A Look at Epidermal Barrier Function in Atopic Dermatitis

Physiologic Lipid Replacement and the Role of Ceramides

Dušan Sajić MD, PhD; Rachel Asiniwasis, MD; Sandy Skotnicki-Grant, MD, FRCPC


Skin Therapy Letter. 2012;17(7) 

In This Article

Morphological Changes in Epidermal Lipids in AD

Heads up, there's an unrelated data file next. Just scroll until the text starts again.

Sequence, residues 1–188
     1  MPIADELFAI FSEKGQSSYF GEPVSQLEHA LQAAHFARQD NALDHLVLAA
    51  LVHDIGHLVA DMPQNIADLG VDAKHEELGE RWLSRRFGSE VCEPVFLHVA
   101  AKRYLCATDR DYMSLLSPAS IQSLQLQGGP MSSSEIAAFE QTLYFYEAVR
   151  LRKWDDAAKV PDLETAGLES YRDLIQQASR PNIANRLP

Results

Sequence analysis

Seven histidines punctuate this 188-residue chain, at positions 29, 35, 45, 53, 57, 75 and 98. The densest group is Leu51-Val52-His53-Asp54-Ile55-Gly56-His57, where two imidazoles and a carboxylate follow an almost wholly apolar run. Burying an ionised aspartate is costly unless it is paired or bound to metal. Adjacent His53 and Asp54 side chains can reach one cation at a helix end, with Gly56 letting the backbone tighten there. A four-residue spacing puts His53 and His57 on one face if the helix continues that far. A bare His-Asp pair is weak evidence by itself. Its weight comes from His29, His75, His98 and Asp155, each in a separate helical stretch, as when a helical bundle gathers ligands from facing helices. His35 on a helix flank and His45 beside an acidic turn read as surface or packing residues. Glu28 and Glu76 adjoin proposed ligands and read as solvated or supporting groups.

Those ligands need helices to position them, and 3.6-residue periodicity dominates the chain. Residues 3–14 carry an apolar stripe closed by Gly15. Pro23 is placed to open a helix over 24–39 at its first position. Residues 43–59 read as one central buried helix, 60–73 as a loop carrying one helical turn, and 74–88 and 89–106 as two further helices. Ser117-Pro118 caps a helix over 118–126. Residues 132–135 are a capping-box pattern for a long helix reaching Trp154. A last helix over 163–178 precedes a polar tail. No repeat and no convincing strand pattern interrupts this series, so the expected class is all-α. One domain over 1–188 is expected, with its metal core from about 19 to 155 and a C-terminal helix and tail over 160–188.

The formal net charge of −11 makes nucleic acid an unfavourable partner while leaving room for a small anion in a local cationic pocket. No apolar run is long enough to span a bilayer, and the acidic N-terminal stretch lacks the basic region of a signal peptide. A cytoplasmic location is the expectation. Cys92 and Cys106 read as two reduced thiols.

The stratum corneum represents a multicellular vertically stacked layer of cells embedded within a hydrophobic extracellular matrix. This matrix is derived from the secretion of lipid precursors and lipid hydrolases, both of which are secreted from lamellar bodies in the stratum granulosum. These hydrolases cleave the precursors to form essential and non-essential fatty acids, cholesterol, and at least 10 different ceramides, which self-organize into multilayered lamellar bilayers between the corneocytes ("bricks"), resulting in the formation of watertight "mortar", thus, maintaining skin hydration.[12] In physiological balance, the approximate proportions of the lipid component are predominantly composed of 50% ceramides, 25% cholesterol, and 10–20% free fatty acids.[8] In atopic dermatitis, there is a decrease in all three key lipids, especially ceramides, which are found in both lesional and non-lesional skin.[1] A lipid imbalance and inadequate amounts of ceramides contribute to defective formation of the corneocyte lipid envelope and lipid mortar, which correlates with increased TEWL and enhanced barrier permeability.


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